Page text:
I have wanted to read a Frank Cottrell Boyce novel for years but have to admit that I was not quite prepared for the random brilliance of this story. From deserted islands to internet cables to phone boxes to gold bullion to rabbits, I felt so discombobulated by the setting and events that I had no idea what was going to happen on the next page. This, of course, is exactly how I would feel if, like Noah, I was left stranded on an island where strange things are occurring and no explanations are on offer. 

The story is simply hilarious. Told by Noah in letter form, it allows us to look at the world through the lens of an eleven year old child. Suddenly, I was back in school uniform, remembering how it felt to be on the edge of a tight-knit group and fantasising about being one of The Famous Five. There are certainly echoes of those stories here and I also felt memories of 'Lord of the Flies' rising to the surface and yet, what I loved most about this novel was how the children, despite their individual differences, remained tight to the end. 

This has everything you could want in an adventure story. Minibuses rolling off cliffs, shark rides, thieves, low-flying planes and really high stakes. Mix in a daily menu, letters to mum and dad and bags and bags of humorous dialogue and you have a gold bullion of a story - gleaming and shiny. However, among the laughs and adventure there is some real heart and thought-provoking themes. I loved the how Eve's stand-offish behaviour with her brother unravelled into something really special and our modern world dependence on the internet was explored in the most original way I could ever imagine. 

This is skilful writing and imagination at its best. It takes all the good ingredients of a traditional 'treasure island' story and twists it into something surprising and original. It's a perfect read for anyone who loves adventure and humour...and very inventive menus. 

Noah's Gold is available to pre-order and is released on 13th May 2021. A huge thanks to Netgalley and Pan MacMillan for allowing me a review copy. 

Tuesday 9 March 2021

BLOG TOUR: The Tale of the Whale

Happy Hump Day and welcome to our stop of the blog of The Tale of the Whale, written by Karen Swann, illustrated by Padmacandra and published by Scallywag Press.

                'Where land becomes sky
                 and the sky becomes sea,

                I first saw the whale and
                the whale first saw me...'

This beautifully illustrated, lyrical story began it's journey to publication by winning the Writing Magazine Picture Book Prize in 2018. Below, in today's guest post, author Karen Swann takes us through her typical day as a writer.


A typical day

Someone asked me recently about my typical day as an author, and honest to goodness there really isn’t one! I’m not very disciplined as a writer – I have a busy family life and I write as and when I have time and my brain takes me there! Often, it’s the quiet times, such as the middle of the night or when I first wake up in the morning, that the ideas that are swimming around in my head get to come to the front and clamour to be heard. I have notebooks everywhere (especially by my bed) and I’m afraid I jot things down in a very haphazard way. Ideas for books are scattered through both my current work and a gazillion notebooks. I note things down straight away when they come to me – sometimes a rhyming couplet or a title or a random character, but I have to get the idea down there and then. It would be good to be organised enough to keep them all in one place, but I also know that if the ideas dry up, I just need to have a flick through some old notebooks, and I’ll find some really random stuff (which I’ll probably not be able to make head nor tail of!)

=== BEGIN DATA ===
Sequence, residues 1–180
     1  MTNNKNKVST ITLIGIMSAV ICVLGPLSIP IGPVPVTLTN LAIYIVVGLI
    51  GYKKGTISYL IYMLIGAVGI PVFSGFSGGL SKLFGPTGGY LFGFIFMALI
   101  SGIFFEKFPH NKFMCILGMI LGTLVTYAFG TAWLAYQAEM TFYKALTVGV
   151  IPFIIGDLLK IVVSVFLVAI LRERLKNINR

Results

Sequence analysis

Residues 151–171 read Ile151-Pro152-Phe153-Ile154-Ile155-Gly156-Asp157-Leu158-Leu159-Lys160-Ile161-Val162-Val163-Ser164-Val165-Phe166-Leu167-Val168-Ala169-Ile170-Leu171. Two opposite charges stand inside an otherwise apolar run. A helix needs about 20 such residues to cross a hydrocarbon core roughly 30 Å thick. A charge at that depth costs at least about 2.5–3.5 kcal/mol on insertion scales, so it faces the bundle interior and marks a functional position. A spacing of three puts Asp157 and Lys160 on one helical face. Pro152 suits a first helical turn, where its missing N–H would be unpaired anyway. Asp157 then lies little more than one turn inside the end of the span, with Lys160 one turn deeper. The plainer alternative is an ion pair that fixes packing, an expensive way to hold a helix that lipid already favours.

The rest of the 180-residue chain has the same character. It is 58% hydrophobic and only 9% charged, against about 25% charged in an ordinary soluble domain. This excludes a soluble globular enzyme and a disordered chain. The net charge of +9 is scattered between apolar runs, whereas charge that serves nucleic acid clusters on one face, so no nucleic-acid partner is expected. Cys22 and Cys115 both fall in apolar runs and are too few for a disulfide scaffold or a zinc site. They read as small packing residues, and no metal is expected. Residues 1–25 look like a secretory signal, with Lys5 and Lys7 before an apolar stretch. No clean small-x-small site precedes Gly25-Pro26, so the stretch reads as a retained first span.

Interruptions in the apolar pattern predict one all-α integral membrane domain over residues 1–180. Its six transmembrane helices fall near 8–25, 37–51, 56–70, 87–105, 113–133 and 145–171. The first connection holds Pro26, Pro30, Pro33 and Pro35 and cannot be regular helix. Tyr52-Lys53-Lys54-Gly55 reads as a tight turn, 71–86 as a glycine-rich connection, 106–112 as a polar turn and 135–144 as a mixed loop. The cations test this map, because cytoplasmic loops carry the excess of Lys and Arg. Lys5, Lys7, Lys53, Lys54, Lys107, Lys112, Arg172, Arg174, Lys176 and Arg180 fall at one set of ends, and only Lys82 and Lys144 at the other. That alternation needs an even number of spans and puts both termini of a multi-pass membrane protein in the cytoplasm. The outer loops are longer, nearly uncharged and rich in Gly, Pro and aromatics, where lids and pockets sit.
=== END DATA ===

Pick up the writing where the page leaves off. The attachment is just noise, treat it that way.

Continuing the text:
I do have a desk, an old Victorian scrub top table, where I like to write, with a big old larder cupboard beside it that holds my ever-growing collection of picture books. It’s really important to read widely, especially in the area you wish to write, and I do have to confess to a slight picture book addiction. I have an assortment of ‘things’ on the windowsill next to me, little bits that I’ve collected that appear in my stories. I love to get inspiration visually. I can get lost down a rabbit hole looking at Pinterest and illustrators work online – a great place to get ideas for characters or worlds. Currently though, I’m sharing the house again with my family, as they work from home, a puppy and a building site next door! Not the quiet I long for!

Ultimately though, when I do get the time or a quiet spot to write, I like to write about things that are important to me or I feel a strong connection to. The Tale of the Whale is about the environment and about caring for our world and the way we live within it, something I feel strongly about. I also have quite a musical brain and stories often come to me with an element of musicality to them. I chose a waltzing rhythm for The Tale of the Whale to reflect the patterns of waves of the ocean. That was how the whale gave it to me at a time when I had some quiet to listen. And you don’t not listen to a humpback whale!

The Tale of the Whale by Karen Swann, 

illustrated by Padmacandra (right)           

 is out now in hardback (£12.99, Scallywag Press)